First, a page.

This elaborate publication represents the state of the art of ‘pre-photography’ commercial lithography in France at the dawn of the announcement of the invention of Daguerreotype. The title page in a bold elaborate font claims that the works are, ‘Dessinées d’après nature’ (Drawn from nature) by prominent French artists including Girault de Prangey, an early important french Daguerreotypist. Issued from 1837-1840 in five parts, each containing six folios of six plates.
Joseph-Philibert Girault de Prangey was an artist, architectural historian, archaeologist, and pioneer photographer. He first came to prominence in the 1830s for several studies of medieval Islamic architecture in Spain and Italy, which were illustrated with prints made after his drawings and watercolors. He subsequently learned the daguerreotype process and, in 1842, pursued his research on a three-year photographic excursion around the eastern Mediterranean. He returned to France in early 1845 with one thousand daguerreotypes, including the earliest surviving photographs of Greece, Egypt, Turkey, Syria, and Jerusalem, and among the first daguerreotypes depicting Italy. The twenty-two lithographs included in this set of Monuments arabes form part of a larger, unrealized project to publish and disseminate many more of his daguerreotype views, which he carefully stored and archived as an essential part of his archaeological fieldwork.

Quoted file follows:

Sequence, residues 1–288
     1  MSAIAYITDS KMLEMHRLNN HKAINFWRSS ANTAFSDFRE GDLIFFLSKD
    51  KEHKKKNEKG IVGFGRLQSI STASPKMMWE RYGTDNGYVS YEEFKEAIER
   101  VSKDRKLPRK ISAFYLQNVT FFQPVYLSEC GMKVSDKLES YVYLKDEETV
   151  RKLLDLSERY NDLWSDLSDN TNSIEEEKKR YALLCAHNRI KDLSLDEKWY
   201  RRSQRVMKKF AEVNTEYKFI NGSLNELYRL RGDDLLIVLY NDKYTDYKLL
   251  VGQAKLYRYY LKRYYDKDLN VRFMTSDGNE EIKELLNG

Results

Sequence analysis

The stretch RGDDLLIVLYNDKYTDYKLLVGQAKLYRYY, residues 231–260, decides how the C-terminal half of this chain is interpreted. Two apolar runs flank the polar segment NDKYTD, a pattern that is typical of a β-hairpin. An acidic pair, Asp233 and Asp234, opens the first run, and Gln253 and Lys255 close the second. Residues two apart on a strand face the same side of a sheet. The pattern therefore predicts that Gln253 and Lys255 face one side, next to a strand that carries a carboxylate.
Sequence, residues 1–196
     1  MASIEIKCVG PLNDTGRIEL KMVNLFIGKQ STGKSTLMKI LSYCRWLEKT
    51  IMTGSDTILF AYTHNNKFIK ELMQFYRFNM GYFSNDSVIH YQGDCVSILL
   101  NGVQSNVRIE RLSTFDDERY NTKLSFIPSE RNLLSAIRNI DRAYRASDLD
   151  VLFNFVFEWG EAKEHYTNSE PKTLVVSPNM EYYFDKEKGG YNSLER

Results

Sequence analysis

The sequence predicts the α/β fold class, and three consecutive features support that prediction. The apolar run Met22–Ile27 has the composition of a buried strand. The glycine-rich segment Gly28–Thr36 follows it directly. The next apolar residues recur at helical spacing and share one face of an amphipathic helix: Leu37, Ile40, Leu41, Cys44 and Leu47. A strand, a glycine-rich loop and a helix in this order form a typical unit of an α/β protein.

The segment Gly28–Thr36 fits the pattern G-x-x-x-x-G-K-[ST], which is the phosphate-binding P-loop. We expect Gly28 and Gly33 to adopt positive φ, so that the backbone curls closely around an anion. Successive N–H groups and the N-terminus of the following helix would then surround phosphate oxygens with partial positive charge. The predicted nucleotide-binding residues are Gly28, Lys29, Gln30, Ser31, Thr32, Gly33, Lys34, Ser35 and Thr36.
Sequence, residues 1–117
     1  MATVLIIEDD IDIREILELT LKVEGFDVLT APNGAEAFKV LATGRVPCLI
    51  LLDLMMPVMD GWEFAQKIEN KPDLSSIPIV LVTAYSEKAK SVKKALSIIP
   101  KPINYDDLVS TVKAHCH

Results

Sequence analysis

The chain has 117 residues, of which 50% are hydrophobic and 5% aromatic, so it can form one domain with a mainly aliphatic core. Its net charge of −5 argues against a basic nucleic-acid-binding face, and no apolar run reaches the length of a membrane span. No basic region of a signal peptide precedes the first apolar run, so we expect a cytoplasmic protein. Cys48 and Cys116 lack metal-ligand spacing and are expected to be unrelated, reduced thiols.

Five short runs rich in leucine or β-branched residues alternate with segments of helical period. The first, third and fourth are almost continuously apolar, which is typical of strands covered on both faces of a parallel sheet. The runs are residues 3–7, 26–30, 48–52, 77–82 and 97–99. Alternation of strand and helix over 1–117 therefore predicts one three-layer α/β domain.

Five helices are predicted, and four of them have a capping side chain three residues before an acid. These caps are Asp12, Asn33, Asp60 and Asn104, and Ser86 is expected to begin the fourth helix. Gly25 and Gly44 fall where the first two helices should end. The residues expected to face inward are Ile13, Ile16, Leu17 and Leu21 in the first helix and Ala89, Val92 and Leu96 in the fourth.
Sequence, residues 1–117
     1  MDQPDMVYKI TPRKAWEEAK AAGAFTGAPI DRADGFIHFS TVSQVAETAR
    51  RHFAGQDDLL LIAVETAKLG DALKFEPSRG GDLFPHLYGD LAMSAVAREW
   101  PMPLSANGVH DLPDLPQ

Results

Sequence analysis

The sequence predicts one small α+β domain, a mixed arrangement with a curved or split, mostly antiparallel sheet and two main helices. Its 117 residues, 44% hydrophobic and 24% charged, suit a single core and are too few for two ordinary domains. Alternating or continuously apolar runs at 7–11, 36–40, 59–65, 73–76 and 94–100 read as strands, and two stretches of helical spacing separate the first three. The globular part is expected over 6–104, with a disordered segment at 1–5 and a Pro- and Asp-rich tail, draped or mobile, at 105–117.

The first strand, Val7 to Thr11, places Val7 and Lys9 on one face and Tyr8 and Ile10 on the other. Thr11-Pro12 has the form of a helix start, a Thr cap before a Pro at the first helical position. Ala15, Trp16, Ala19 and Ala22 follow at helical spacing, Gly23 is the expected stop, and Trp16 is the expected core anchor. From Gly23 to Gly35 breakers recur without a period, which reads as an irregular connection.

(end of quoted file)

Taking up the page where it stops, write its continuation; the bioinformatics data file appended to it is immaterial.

www.metmuseum.org/art/collection/search/774619 cited 02/26/23